Monday, August 19, 2013

Two sides to the story

First the version from the Spanish press:

Gibraltar fishermenFirst thing yesterday morning, the entire fleet of La Línea de la Concepción (Cádiz) departed from the port of La Atunara to sail to Puerto Chico, accompanied by Civil Guard patrol boats.

The fishermen were planning to just concentrate on the area where the concrete blocks had been set on the sea bed, but the Gibraltar Police patrol boats blocked the passage, keeping an eye on the protest until its completion.

For the Confraternity of La Línea (Cádiz), Leoncio Fernandez, said that it was a peaceful protest; an act aimed at defending the rights of fishermen to fish  in the waters.

Fernandez highlighted the damage being suffered by the ships which are unable to carry out their work in these waters and figures that they have lost over 1.5 billion euros since the problems  began over a year ago.

Jose Antonio Gonzalez, the skipper of 'San Juan',  said that the Spanish Government were aware of how Gibraltar is attacking the historical rights of fishermen. 

"It is the bread of our children"

The protesters urged the Gibraltar authorities  to "stop throwing concrete blocks into the sea" and in an  exchange of insults insults with some Rock agents they shouted "stop playing with the bread of our children."

The boats returned to harbour followed by five Civil Guard vessels without incident.

Gibraltar says that fishermen may fish under the legislation of the Rock

The Gibraltar Government said in a statement that Spanish fishermen can continue fishing in waters near the Rock "as long as they do so in accordance with the laws of Gibraltar".

The Gibraltar Executive, headed by Fabian Picardo, claim that the reef was laid according to a fishing report in which Spanish experts participated. The report recommended the adoption of measures to ensure sustainable fishing including the creation of an artificial reef which  was agreed to by environmental groups.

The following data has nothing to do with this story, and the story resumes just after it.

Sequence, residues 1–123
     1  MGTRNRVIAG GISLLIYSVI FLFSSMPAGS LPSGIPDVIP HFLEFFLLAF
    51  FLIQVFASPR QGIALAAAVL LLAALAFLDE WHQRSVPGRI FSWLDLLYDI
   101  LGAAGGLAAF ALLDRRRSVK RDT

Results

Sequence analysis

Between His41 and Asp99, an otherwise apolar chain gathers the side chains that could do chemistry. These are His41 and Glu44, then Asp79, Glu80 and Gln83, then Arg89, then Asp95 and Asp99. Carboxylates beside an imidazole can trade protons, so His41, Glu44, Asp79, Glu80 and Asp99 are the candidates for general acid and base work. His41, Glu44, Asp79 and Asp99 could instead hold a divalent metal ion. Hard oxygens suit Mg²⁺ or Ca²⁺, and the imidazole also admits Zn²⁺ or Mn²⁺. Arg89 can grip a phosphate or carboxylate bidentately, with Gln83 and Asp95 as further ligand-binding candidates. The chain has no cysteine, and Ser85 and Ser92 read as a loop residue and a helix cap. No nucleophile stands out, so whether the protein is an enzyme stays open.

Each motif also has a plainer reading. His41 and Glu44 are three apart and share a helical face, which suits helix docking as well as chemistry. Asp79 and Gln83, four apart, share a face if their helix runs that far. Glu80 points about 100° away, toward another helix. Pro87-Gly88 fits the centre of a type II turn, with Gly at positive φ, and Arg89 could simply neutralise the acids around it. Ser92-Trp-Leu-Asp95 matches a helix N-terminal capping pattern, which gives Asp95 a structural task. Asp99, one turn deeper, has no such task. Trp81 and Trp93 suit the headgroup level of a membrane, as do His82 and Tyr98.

Further more, Picardo says that the area in which the Gibraltar authorities have set the concrete blocks that prevent Spanish fishermen fishing was frequented only by one boat the 'Divina Providencia'.

Now from the UK press:

Spanish boats illegally entered Gibraltar's waters after a stand-off with the Royal Navy on Sunday in an escalation of the bitter diplomatic dispute over fishing rights.  British military and police boats had to push back a flotilla of around 40 Spanish vessels.

The fishermen, some shouting "Gibraltar is Spanish", were protesting against a concrete reef built by the Rock's government to protect its fishing stock.They argue the reef restricts their rights to fish, but Fabian Picardo, Gibraltar's chief minister, said "hell will freeze over" before the barrier is removed.

Cathal Yeats, chief inspector of the Royal Gibraltar Police, said the flotilla crossed into Gibraltarian waters before being "corralled" out again.

"At around 9am about 38 Spanish fishing boats and seven or eight pleasure craft converged in the area of the western anchorage," he said. "We had our own police cordon along with Royal Navy and other assets and we corralled them in the area of the south mole.

"They tried to breach the cordon several times but they were not successful."

Rajoy has said he would prefer to settle the dispute in a friendly manner but at the same time threatened to use all measures available to defend his country's interests.

The row could intensify further on Monday as HMS Westminster, a British warship, and two auxiliary vessels are due to dock in Gibraltar, with crowds of flag-waving residents set to welcome them into port.

British officials have stressed that this is part of a "routine" journey from England through the Mediterranean to the Gulf.Picardo, the Gibraltan chief minister, who has received death threats over the conflict, thanked the British authorities for their "cool, professional and calm" help in fending off the Spanish boats.

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